If Boston Beer's Jim Koch is the affable everyman, Dogfish Head's Sam Calagione is craft beer's closest thing to a rock star. Outside of a brief television run on the Discovery Channel show "Brewmasters", Calagione's fame is mostly confined to craft beer circles. A 2008 New Yorker profile in which Calagione travels to the Paraguayan jungle added to the brewer's aura while introducing "extreme beer" to the masses.
As much as folks in today's craft beer industry hate the term, Calagione is known for his beer extremes. When I met him at a beer event during the winter, Calagione relayed a story from 1999, when his "World Wide Stout" was the strongest beer in the world.
"We had the record for about two weeks," Calagione said without bitterness. "And then Jim came out with his beer."
Samuel Adams "Millenium", a precursor to "Utopias", overtook the title of world's strongest beer at the time at around 21 percent alcohol by volume. Koch laughed at the story and the downplayed the record, which has since been surpassed.
"I was proud to share it with Sam," said Koch. "He's not only an amazing personality and entertainer, he's also a really good brewer.
"His beers are good. I've never had a bad beer. He even made a malt liquor. I don't think he ever released it. He sent it to me in a brown bag. That was one of my favorite beer experiences. Dogfish Head Liqueur de Malt."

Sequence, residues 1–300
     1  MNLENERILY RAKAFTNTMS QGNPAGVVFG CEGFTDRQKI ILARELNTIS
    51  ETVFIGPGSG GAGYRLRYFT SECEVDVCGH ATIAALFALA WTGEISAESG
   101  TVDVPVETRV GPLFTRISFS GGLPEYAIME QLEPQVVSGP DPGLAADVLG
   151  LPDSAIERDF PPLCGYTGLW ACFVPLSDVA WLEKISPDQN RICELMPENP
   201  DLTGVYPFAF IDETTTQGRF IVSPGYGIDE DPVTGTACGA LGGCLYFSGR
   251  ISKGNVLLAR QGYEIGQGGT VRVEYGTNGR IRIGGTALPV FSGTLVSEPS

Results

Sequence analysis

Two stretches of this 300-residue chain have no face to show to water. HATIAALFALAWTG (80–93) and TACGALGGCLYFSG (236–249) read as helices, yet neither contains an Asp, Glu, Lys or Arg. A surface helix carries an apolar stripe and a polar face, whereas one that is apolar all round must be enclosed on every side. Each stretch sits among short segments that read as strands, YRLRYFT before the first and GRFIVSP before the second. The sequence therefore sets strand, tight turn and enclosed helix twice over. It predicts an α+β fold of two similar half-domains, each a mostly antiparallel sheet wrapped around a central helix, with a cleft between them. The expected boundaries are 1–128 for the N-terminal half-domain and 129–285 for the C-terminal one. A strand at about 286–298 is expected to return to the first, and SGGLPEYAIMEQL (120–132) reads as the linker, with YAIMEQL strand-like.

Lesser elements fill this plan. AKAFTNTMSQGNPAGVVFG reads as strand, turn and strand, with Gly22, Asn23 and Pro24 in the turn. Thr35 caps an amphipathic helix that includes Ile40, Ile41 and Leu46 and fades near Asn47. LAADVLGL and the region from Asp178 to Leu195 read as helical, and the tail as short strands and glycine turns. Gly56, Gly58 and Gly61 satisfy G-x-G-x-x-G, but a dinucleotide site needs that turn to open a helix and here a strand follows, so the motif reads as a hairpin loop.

The Dogfish Head offering I reviewed this week is not the strongest beer in the world, but at 12 percent ABV, it's nothing to sniff at. "Palo Santo Marron" is a brown ale aged in a 10,000 gallon vessel constructed from hard, oily Palo Santo wood from Paraguay. According to Calagione it's the largest wooden vessel constructed since Prohibition. It cost $140,000 to build.
“If Dogfish were a publicly traded company, I’d have been fired for building this,” Calagione told the New Yorker.
"Palo Santo Marron" pours oil-slick black with very little head or carbonation. Dogfish calls this a brown ale, but the beer is so dark it obscures the other side of the glass. Roasted chocolate and coffee wafts up from nose.
The mouthfeel is thick, like drinking a milkshake. It's viscous -- you might say oily. There's a lot to the flavor profile. Up front is chocolate and coffee, but vanilla quickly pokes through. There's also a bit of an herbal quality to this, though the beer is mostly sweet. It's a sipper; with this beer more than maybe any other I realize just how much of a difference there is between this brew and one of 8 or 9 percent ABV. This is decidedly a winter brew. At $17 a four-pack, it's an expensive one. Someone's got to pay for all that wood.